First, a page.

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Alexander Hamilton and the Formation of American Government

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Alexander Hamilton and the Formation of American Government

In the United States during the late 18th century, the American Colonies were struggling with their identity. The Revolutionary War had won Americans their collective freedom, but the best way to exercise it was the subject of much debate. One American, Alexander Hamilton, felt a need for a common, strong economic and political base for the states. This ideology stemmed from both his boyhood on the Island of St. Croix, and trying events during the Revolutionary War- influences that would later be instrumental in his publishing of the Federalist Papers.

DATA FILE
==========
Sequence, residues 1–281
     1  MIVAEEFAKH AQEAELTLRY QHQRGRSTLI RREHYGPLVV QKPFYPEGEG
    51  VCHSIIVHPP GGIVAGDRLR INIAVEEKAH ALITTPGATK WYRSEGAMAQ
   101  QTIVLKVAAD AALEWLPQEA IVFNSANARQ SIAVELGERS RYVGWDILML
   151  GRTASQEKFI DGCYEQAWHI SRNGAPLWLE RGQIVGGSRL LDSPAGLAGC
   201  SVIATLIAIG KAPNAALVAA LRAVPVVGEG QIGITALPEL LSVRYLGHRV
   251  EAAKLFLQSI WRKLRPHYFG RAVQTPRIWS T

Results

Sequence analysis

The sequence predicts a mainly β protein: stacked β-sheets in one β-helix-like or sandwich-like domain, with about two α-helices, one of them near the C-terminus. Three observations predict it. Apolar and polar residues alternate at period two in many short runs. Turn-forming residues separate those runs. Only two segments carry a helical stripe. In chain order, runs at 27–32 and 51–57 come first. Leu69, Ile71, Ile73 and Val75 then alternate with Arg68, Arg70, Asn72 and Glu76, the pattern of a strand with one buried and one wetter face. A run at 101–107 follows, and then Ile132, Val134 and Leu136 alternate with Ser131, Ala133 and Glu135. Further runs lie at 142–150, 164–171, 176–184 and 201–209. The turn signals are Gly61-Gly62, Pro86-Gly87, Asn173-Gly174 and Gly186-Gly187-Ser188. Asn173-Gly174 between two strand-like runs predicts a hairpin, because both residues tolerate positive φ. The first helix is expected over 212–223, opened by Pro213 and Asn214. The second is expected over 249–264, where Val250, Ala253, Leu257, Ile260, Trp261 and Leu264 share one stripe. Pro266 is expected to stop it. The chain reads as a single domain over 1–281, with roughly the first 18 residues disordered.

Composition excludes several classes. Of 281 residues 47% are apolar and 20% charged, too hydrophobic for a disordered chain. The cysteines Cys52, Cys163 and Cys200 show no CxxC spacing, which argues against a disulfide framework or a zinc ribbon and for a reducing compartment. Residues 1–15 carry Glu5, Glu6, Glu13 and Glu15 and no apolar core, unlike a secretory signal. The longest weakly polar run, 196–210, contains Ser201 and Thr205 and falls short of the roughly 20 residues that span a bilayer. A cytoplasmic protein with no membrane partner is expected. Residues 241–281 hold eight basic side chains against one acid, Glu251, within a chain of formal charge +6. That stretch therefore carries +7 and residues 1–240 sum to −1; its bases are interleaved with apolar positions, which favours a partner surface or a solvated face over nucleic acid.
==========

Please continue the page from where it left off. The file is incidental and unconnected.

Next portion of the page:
Hamilton's boyhood on St. Croix was not that of a typical founding father. His mother took him and fled their home after his father refused a divorce, putting a label on his mother and his family wherever they went. This constant feeling of inferiority instilled in Hamilton a drive to succeed, and his way of feeding this drive was constant study. In fact, when he was deciding on colleges after coming to the United States, a major criterion was the college's willingness to allow him to cram work into a smaller time frame thus allowing him to graduate earlier (Decarolis 125). As a result he would eventually become one of the nation's most learned men; this, he felt, obligated him to publish The Federalist Papers and other works that showed the ideology he had derived from his studies. St. Croix also had an impact on his political views later in life. The island was fueled by the slave trade and sugar plantations. On the surface one might see the basis for Hamilton's hatred for the institution, as a slave on a sugar plantation was subject to the most inhumane treatment of any during that period (Decarolis 77). Also, th...

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